In the last post, I put in a lot of technical stuff that you need to know a bit about to get the photos you want. I don't like to stay bogged down with all that technical jargon, so I will continue on with how to get a great picture and have fun doing it.
We don't normally have to go very far to find interesting subjects in the neighborhood. I have sat in the comfort of my home and taken great photos of birds around the feeders. I do recommend that you put up some natural looking perches for them to sit on. The perch is often what makes a so so picture of a bird into a great photo. A good perch can be something like your used Christmas tree, a stump or a dead tree snag with a natural looking back ground that can be focused out in your camera settings. I don't particularly care for a bird feeder as the backdrop, unless you are selling bird feeders.
Look for some scenery in your area also. Don't get lulled by complacency into thinking that nobody wants to see any thing around here, just because you are used to it. There is beauty wherever we live. I can get used to seeing the boats in the harbor and walk right past them without a second look, but someone from a different town or province will be enamoured by this sight. One advantage you have to your own neighborhood is that you are there in all different kinds of weather and light conditions. If you see a great sunset coming, it just takes a minute to get to the marina for a very interesting photo opportunity.Get to know the area you are in so you can find the best viewpoints. Once you have scouted a scene, you will be able to get there quickly when storms or light conditions are changing.
It took me about 2 hours to get this Great Blue Heron to trust me enough that it would carry on fishing while I crept close enough to get a decent picture. His body language warned me every time it seemed to get nervous and when it finally got comfortable enough that I could creep closer. This heron has caught a gunnell for supper.
Scouting wildlife is also essential so you begin to see their patterns and get to understand their body language. Body language of animals is a universal language that we all have the ability to recognize with practice. You can learn by watching you own dog or cat. Watch for the subtle differences in posture as you meet another dog while you are walking your own. Most wildlife act very similar to our own domesticated pets. Body language is the universal, inter-species lingo that announces if you are to become prey, mated, or if you are within someones safety zone. With wildlife photography, I believe it is unethical to enter into that "personal space zone" that we all feel comfortable with. This is the zone where we figure we can run away from the danger encroaching upon us. If you get much closer we may have to fight to protect ourselves or our families. Over time, certain critters will allow you closer than others and we each have our own comfort space requirements.
Use camera gear that is appropriate for the kind of shooting you want to do. If you want to get a full frame photo of a friendly dog, you don't need as large a lens as if you want a picture of a wild bear. You might want a long telegraphic lens to photograph a bee hive but a single bee in a flower will require a macro lens. These different equipment requirements also allow you to be comfortable;e with your subject. Not everyone is comfortable having bees humming around your head as you try to picture them with a macro lens.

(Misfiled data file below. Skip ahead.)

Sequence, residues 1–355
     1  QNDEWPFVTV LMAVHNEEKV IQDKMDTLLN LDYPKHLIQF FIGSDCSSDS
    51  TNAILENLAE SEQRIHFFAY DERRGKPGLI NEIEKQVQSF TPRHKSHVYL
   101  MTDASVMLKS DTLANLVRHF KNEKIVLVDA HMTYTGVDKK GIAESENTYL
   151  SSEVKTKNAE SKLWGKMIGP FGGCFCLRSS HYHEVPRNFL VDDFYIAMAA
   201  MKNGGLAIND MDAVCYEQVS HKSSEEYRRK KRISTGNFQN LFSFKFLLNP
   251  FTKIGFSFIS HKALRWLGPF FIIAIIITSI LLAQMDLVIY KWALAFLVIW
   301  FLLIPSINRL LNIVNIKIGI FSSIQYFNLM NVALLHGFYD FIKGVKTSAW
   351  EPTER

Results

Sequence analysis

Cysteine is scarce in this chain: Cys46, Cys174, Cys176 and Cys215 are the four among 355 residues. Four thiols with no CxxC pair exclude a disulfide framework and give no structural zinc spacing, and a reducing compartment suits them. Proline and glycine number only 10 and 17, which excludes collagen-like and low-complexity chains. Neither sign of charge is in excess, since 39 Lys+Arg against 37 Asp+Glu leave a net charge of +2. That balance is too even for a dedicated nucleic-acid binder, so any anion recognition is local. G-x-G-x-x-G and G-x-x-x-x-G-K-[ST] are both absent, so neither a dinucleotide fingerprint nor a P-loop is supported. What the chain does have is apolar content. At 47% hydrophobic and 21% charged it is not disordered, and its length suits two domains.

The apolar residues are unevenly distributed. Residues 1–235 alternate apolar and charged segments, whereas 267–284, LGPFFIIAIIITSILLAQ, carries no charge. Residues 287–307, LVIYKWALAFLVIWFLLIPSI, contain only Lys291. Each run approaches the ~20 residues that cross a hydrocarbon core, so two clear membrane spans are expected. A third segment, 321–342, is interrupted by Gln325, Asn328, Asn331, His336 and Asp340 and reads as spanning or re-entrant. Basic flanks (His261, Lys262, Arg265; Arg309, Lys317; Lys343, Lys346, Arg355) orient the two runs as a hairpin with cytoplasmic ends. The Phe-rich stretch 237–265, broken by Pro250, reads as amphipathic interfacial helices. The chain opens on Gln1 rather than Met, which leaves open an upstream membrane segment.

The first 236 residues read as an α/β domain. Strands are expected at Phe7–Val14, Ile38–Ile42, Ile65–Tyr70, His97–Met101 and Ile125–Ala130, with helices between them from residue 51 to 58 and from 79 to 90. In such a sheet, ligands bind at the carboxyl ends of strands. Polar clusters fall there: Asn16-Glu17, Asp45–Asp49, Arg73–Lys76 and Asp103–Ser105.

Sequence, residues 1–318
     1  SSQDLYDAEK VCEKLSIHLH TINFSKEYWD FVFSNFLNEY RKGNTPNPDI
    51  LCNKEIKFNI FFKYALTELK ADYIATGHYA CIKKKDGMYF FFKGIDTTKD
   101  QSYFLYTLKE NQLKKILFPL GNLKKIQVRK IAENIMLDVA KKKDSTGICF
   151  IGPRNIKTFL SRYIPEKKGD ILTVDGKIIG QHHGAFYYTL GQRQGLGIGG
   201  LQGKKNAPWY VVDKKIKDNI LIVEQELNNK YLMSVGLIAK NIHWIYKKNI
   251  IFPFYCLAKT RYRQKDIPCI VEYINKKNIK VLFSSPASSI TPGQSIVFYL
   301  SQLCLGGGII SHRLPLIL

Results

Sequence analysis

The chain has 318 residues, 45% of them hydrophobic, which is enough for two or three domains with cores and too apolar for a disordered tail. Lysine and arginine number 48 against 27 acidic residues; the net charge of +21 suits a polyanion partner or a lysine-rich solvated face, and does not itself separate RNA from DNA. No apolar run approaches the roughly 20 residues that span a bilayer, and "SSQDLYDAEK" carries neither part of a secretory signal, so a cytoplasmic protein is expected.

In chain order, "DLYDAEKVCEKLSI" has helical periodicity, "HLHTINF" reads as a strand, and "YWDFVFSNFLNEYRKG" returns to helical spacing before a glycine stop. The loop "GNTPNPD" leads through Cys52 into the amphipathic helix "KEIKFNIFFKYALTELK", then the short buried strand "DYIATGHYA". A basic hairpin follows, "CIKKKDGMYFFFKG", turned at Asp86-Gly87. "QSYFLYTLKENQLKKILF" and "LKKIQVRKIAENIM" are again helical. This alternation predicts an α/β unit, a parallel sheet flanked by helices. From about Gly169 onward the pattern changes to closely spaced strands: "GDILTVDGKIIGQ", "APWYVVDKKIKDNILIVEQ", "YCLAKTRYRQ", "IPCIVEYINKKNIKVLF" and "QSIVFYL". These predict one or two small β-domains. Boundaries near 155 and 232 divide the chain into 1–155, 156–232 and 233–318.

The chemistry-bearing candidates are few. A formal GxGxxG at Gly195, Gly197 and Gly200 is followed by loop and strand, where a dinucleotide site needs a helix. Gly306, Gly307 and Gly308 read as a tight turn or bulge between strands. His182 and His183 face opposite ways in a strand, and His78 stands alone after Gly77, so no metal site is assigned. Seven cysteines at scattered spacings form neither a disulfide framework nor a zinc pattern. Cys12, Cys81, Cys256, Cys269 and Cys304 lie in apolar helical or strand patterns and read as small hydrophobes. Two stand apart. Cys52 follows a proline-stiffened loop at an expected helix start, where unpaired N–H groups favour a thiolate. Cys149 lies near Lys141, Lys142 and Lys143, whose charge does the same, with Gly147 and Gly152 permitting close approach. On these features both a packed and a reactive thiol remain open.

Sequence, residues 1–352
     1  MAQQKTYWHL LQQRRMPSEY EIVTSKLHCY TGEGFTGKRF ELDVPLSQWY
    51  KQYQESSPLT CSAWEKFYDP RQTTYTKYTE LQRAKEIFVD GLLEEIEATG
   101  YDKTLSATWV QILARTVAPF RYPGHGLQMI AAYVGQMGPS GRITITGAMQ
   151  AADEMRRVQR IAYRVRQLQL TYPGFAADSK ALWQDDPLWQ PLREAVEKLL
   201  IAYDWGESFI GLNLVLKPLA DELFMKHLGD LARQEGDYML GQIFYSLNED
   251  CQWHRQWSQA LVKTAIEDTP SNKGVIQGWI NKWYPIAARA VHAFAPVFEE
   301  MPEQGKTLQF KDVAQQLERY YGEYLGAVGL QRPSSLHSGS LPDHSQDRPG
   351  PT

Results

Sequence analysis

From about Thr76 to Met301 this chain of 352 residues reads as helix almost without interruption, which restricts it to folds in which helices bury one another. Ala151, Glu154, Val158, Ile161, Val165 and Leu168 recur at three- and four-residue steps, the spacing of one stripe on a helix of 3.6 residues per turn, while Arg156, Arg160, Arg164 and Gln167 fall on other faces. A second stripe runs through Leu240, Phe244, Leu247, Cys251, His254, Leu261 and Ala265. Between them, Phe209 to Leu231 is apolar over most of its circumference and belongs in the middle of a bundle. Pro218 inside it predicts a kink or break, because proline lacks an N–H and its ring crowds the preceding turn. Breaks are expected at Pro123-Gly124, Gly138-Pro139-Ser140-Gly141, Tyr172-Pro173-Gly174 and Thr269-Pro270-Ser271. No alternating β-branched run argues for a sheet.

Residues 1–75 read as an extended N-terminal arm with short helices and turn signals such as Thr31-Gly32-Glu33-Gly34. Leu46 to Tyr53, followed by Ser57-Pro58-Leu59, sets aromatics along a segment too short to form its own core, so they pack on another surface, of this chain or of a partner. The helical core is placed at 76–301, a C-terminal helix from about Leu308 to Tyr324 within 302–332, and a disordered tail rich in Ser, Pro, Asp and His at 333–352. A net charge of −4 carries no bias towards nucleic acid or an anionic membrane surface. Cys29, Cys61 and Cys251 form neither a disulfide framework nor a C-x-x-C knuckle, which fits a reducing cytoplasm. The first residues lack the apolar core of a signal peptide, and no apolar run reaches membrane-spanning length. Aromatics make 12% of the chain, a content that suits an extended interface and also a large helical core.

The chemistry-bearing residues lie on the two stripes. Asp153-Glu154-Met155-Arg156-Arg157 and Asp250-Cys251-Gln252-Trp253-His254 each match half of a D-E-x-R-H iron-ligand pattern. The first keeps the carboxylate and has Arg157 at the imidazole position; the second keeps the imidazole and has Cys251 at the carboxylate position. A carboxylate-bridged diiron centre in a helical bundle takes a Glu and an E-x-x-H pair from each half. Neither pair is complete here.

I would start clicking the shutter as soon as I would see the large transient orca fins periscope out of the water and hope that the whale would swim into my shots. It is too late to wait until you see the whale, then find it in the viewfinder and start shooting.
When you do get an opportunity to get your picture, take lots of photos. Keep that shutter clicking. It is not costing you anything but a bit of time on the computer later. It is very difficult to get just the right expression on a bears face. It is very tough to get all the puppies to look at you at the same time. What does it take sometimes to get everything standing still, facing the same direction with every body's eyes open.
Play with different camera settings if you have the chance. Try opening the aperture to get a different depth of field. Change the shutter speed to try stopping action, or blurring it if you want to emphasize speed. In the foxtail photo you can see the background blurred out by opening the camera aperture to something like f-8
Foxtail is a weed where I come from. It can cause damage to grazing animals digestive tract and plug up radiators on equipment. For a short time of the year it is very beautiful and colorful.
Check the background behind your subject often. Is there a distracting rock or a bright spot? Often you can just move over a few feet to make a much more interesting result. Look around to make sure danger is not encroaching into your own personal safety zone while you are concentrating on your subject. Most of the time your subject will be more aware of their enemies than you will be so pay attention to what they are doing.
Try to get down to the same eye level as your subject. The subject is then on even terms with the viewer of the post making it much more interesting and intimate.
Don't forget to take your eye from the viewfinder. Look around, enjoy the place, the critter, and the overall feel of your surroundings. Get a sense of your emotions and what other people around you are feeling. These senses are what will make your pictures special for you years down the trail. Photo albums are full of memories even if the pictures are not technically correct. Just by opening one of the old albums, I can be transported back years in time to remember great places, adventures and friends. All the photos in this article are taken within 5 minutes of where I have lived.